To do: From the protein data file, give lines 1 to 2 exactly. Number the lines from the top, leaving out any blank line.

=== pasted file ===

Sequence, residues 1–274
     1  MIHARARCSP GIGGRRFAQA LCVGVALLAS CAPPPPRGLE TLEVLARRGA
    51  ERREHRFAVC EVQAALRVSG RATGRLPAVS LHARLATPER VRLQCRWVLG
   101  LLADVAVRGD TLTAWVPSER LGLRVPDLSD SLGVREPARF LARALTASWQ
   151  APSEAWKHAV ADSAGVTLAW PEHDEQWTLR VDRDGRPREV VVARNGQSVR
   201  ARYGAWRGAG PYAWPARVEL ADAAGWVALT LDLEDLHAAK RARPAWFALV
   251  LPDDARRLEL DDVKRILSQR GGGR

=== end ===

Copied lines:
Sequence, residues 1–274
     1  MIHARARCSP GIGGRRFAQA LCVGVALLAS CAPPPPRGLE TLEVLARRGA